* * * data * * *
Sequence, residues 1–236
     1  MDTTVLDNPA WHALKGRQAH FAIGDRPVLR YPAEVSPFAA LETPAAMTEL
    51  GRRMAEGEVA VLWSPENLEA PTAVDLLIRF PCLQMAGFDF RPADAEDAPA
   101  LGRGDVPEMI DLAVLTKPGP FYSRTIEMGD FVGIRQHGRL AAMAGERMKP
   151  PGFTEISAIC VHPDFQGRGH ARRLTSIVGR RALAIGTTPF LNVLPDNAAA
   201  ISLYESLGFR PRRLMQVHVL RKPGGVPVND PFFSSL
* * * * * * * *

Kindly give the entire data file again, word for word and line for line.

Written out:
Sequence, residues 1–236
     1  MDTTVLDNPA WHALKGRQAH FAIGDRPVLR YPAEVSPFAA LETPAAMTEL
    51  GRRMAEGEVA VLWSPENLEA PTAVDLLIRF PCLQMAGFDF RPADAEDAPA
   101  LGRGDVPEMI DLAVLTKPGP FYSRTIEMGD FVGIRQHGRL AAMAGERMKP
   151  PGFTEISAIC VHPDFQGRGH ARRLTSIVGR RALAIGTTPF LNVLPDNAAA
   201  ISLYESLGFR PRRLMQVHVL RKPGGVPVND PFFSSL